Sunday, December 15, 2013

Beauty, solidarity and protest

Happenings, Dec '13 (update 2)
Pawan Dhall reports on the ‘Trans Queen Contest North-East 2013’, which mixed beauty and creativity with protest against the Supreme Court verdict on Section 377, Indian Penal Code

Imphal, December 14, 2013: “We don’t want to go back to 1860”, “Down down Supreme Court ruling”, “We want freedom of choice”, “Legalize love” and “Two of a kind make a beautiful pair” – these were some of the witty and hard-hitting placards carried by participants at the third edition of the ‘Trans Queen Contest North-East 2013’ held at the Bhagyachandra Open Air Theatre in Imphal yesterday. The event was organized by the All Manipur Nupi Maanbi Association (AMaNA), a coalition of community-based organizations that work on health, development and human rights of male-to-female transgender people or trans women and males who have sex with males in Manipur.

The placards were a spontaneous show of protest against the Supreme Court verdict that overturned the Delhi High Court ruling on Section 377, Indian Penal Code and recriminalized same-sex sexual relations. When the verdict was announced on December 11, just two days before the event, the organizers struck upon a novel way to register protest against a ruling that angered not just lesbian, gay, bisexual, transgender and other queer people across India, but also their allies. The creative round of the beauty contest, meant to display off-beat and even zany innovations in dress design, was modified to include a display of placards with pithy slogans, and easily became the most creative aspect of the event. All thoughts of beauty contests as regressive and against feminist principles were laid aside, at least for a while.


Contestants with placards in the creative dress round.
Photo credit: SAATHII

Cheered on by a vociferous and appreciative crowd of nearly 700 across the age and gender spectrum, 31 trans women from different districts of Manipur, Arunachal Pradesh and Meghalaya walked the ramp in a colourful display of traditional, contemporary and fusion dresses. Ten participants were short listed for the final question and answer round by a jury consisting of filmmaker Romi Meetie, educationist Konika Devi, journalist Erengbam Arun and professor in Manipuri studies Dr. Vijayalakshmi Brar. The winners were Beoncy Laishram, a medical student, Nippon Rajkumari, a fashion designer, and Khaidem Sunder, a beautician – in that order and all three from Manipur.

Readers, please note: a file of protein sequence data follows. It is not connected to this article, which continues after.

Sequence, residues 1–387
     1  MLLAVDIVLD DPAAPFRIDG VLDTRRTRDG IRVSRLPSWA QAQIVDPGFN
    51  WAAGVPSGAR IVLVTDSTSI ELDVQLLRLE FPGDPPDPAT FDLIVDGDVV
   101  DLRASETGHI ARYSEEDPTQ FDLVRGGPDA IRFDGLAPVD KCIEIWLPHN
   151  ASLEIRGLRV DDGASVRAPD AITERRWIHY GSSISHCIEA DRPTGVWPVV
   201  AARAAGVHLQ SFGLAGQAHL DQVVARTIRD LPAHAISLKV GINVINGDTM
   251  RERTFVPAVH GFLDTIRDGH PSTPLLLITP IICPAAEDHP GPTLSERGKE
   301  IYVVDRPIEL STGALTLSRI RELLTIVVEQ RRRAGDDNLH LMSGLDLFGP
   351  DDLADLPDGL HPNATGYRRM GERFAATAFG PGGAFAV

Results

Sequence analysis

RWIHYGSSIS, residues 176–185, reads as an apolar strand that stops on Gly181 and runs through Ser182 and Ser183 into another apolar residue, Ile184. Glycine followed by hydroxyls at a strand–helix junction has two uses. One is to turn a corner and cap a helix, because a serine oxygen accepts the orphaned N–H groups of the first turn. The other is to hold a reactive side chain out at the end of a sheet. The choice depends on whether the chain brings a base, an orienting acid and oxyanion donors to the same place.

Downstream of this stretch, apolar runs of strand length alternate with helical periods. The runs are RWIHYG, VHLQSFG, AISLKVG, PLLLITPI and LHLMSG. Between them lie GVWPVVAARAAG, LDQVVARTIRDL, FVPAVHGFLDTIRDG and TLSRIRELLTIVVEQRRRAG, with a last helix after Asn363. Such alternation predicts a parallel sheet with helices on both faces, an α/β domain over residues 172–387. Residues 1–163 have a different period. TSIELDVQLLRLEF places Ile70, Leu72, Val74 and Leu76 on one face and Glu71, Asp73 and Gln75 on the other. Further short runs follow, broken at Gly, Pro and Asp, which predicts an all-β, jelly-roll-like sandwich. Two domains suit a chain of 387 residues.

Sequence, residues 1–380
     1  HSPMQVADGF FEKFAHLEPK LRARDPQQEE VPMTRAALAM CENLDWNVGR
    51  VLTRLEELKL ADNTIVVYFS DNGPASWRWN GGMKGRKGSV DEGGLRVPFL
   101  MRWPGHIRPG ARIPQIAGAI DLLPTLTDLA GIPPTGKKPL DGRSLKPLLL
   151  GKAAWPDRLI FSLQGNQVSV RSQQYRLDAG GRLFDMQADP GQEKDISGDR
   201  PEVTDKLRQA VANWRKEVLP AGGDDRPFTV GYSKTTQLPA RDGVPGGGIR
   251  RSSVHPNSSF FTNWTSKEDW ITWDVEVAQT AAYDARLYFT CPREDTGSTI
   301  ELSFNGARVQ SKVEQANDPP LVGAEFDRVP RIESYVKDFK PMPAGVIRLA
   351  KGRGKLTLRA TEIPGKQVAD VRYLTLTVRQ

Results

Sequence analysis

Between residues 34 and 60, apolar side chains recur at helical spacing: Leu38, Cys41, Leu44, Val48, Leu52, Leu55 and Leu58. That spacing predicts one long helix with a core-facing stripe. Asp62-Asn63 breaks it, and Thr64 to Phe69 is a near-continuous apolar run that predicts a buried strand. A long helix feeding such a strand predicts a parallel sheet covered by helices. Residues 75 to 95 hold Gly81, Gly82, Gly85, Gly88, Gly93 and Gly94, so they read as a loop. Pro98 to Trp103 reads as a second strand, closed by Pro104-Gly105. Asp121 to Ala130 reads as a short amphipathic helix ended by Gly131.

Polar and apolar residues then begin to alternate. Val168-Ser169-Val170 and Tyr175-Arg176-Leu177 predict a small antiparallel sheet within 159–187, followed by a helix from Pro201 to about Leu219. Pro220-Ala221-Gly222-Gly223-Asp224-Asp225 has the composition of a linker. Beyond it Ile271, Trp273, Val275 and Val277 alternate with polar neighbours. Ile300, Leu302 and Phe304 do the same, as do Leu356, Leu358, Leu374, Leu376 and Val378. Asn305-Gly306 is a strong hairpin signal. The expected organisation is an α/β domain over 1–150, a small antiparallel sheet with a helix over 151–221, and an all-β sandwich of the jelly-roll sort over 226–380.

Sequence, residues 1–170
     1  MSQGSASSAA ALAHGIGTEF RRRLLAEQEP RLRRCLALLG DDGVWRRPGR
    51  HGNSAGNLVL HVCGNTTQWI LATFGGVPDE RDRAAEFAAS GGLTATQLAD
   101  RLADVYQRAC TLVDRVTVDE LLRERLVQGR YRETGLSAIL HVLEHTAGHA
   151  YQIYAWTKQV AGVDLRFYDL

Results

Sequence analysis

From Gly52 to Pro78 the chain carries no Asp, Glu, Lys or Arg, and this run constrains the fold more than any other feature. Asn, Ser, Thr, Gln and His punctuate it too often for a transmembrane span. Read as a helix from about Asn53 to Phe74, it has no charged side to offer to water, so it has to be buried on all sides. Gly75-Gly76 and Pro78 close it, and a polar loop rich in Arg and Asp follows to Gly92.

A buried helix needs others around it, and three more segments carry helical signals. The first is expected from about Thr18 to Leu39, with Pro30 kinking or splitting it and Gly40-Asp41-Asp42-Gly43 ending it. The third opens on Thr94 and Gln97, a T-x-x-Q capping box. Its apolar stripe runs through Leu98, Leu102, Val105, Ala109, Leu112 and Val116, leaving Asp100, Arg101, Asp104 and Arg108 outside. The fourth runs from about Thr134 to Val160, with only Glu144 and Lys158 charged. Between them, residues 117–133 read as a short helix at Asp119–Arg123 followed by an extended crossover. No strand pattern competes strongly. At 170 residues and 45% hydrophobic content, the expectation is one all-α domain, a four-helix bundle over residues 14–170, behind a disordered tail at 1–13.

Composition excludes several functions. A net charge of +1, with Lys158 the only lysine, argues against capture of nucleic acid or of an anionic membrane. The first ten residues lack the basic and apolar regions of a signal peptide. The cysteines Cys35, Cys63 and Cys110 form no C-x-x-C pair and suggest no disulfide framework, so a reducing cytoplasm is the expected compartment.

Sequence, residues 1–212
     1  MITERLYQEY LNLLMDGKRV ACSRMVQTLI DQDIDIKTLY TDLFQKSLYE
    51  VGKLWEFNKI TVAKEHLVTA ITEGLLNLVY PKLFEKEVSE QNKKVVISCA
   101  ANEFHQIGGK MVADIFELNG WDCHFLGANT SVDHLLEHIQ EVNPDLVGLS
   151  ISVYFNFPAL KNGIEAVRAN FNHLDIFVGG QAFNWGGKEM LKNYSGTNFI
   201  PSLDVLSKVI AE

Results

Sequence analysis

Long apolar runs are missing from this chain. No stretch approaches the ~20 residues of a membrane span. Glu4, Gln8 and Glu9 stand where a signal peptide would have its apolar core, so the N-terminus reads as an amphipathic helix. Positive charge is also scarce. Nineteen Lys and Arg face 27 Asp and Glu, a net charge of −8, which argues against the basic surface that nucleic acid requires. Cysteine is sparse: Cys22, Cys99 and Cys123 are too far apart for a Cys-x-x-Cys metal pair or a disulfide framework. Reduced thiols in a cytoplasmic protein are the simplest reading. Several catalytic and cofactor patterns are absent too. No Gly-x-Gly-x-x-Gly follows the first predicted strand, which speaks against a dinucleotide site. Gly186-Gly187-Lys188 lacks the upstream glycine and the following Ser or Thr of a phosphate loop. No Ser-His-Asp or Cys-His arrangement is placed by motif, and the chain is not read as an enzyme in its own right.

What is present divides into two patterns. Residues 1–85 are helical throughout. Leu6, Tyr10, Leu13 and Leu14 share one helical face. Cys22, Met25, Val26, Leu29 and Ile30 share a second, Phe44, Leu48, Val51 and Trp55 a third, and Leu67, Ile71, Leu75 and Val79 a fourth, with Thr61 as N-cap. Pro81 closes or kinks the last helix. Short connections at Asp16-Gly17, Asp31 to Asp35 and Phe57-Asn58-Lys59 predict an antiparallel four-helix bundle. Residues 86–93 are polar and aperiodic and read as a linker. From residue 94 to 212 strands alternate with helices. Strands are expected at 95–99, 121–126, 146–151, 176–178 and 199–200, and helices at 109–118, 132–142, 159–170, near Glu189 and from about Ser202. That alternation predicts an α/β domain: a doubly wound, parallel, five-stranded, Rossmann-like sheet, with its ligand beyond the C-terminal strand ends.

A scene from the traditional dress round of the contest.
Photo credit: Pawan Dhall
In her welcome address, Thangjam Santakhurai, Secretary, AMaNA said, “I am sorry for the Supreme Court verdict, but how long will we keep saying sorry? The government should stop criminalizing us!” Several other special invitees joined her in expressing disappointment at the verdict and promised support for AMaNA and its cause. Chief among them were A. Guneshwar Sharma, District and Sessions Judge, Imphal (East) and Abhiram Mongjam, Joint Director – Targeted Interventions, Manipur State AIDS Control Society. A. Guneshwar Sharma, a well-wisher of AMaNA’s work since his days as Member Secretary, Manipur State Legal Services Authority, said: “Lesbian, gay, bisexual and transgender people should have equal rights and be treated as equal citizens.” Earlier, the organizers involved the entire audience in an inspiring candlelight protest against the Supreme Court verdict.

Candlelight protest against the Supreme Court verdict.
Photo credit: Pawan Dhall

The event was supported by AMaNA’s technical partners and donors Manipur State AIDS Control Society, American Jewish World Service and Solidarity and Action Against The HIV Infection in India (SAATHII). Sanamacha, key anchor for the event and associated professionally with Maruploi Foundation, a member agency of AMaNA, said: “The event has become an important and popular solidarity event for the transgender community of North-Eastern India”. The vocal crowd at the venue seemed to bear her words out.

Most of the contestants in the event were involved in high school or college studies, music, dance, social work and fashion, and some worked as beauticians. Many had designed their own dresses. What was missing was a word of consolation or support from the anchors for the contestants who stumbled or suffered stage fright.


Pawan Dhall aspires to be a rainbow journalist and believes in taking a stand, even if it’s on the fence – the view is better from there!

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